The Government is preparing to launch an upskilling programme for its marketers as it looks to position for a future where “everything is digital”.
The ‘accelerate’ programme for marketers focuses on four key areas: campaign management, programmatic, social media and paid search. It came about after the Government Communication Service (GCS) mapped the skills and capabilities of its comms departments to find areas where there might be gaps.
A team of marketing leaders from across government, including Public Health England (PHE), the Department for Work and Pensions and the GREAT campaign, led by Alexia Clifford, deputy director of marketing activation at PHE, has then been looking at how this upskilling should be delivered.
“Things are moving so quickly in digital and social and on the tech side. There was a digital capability maturity audit last year…. and there were a few areas and disciplines that were identified as being ripe for a focus on digital skills,” Clifford tells Marketing Week.
“We’re looking at the skills required of high performing teams in marketing across government, mapping those against where there might be a training or learning need, and against that we’re mapping a learning programme initially for the next 12 months but we feel this is an ongoing transformation programme.”
The programme has a number of different ways for marketers in government to learn. There will be opportunities for cross-department information sharing, online learning courses, podcasts and formal training. GCS is working closely with its new media buying agency Manning Gottlieb on this, as well as the digital platforms. There is no mandatory element, but marketers are encouraged get involved in areas they think are most relevant to their jobs and departments.
“We want as many people to be excited about this as possible and make it something people really want to do,” she says. “The message is it’s easy to be scared about all the changes that are happening, easy to not be up to speed with them. But the changes that are happening are really positive and there are loads of opportunities to make what we do more effective in terms of reaching the right people at the right time in the right mindset with our messages.”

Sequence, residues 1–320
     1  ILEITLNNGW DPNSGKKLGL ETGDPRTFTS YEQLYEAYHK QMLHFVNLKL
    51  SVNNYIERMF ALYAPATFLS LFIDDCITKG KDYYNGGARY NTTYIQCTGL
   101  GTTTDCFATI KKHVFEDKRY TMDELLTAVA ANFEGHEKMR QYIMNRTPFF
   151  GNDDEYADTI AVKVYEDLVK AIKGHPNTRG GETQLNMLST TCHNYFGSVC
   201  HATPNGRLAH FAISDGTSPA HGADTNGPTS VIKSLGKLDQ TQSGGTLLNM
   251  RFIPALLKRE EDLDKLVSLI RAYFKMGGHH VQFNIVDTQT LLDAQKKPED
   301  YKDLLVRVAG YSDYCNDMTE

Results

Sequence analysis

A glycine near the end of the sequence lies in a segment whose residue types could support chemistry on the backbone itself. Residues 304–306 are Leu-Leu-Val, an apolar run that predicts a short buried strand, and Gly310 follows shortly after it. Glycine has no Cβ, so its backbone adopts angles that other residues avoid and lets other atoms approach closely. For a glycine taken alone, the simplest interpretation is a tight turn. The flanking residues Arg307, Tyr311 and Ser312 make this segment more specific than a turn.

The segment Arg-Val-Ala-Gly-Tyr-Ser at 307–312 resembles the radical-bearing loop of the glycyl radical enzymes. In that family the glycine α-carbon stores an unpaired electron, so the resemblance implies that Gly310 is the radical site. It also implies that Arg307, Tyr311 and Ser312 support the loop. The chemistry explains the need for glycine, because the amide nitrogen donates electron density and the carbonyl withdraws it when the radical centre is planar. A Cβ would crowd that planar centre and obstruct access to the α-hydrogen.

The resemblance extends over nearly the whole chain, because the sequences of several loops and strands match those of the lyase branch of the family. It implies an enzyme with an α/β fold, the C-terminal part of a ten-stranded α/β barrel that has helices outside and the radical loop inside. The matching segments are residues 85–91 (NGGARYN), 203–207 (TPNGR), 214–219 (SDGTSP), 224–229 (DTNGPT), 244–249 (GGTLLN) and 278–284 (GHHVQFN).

There will also be an evaluation framework, with the programme monitored by the GCS leadership team, as well as learning and evaluation professionals. The hope is the work will make the government a “more intelligent client”.
Eventually we won’t talk about digital at all but for now we want to make sure people are embracing it and really maximising the opportunities digital offers.
“We’re trying to bring the whole of GCS up to the level of best because there are pockets of best practice,” Clifford adds.
PHE is one of those pockets of best practice and will be sharing some of the work it has done in digital and tech with other departments in the hopes they can learn from it. Clifford points in particular to voice, where PHE has seen big success with a breastfeeding voice skill on Amazon’s Alexa and Google.
The skill offers mothers hands-free advice on breastfeeding that has been developed with NHS midwives. It means that no matter the time of day, mums can speak to a voice that can offer official NHS Advice.
PHE now wants to share how it approached the tech and the lessons it learned more broadly across government in order to motivate other departments to “have a go”.
“It would be easy to move into things like voice just because the tech is there and we want to try it out,” she says. “But [you need to] choose the right business objectives and not just do it for the sake of doing the next cool thing.
“There is real value in breaking [digital] down and demystifying and painting a picture of what’s possible. Eventually we won’t talk about digital at all but for now we want to make sure people are embracing it and really maximising the opportunities digital offers.”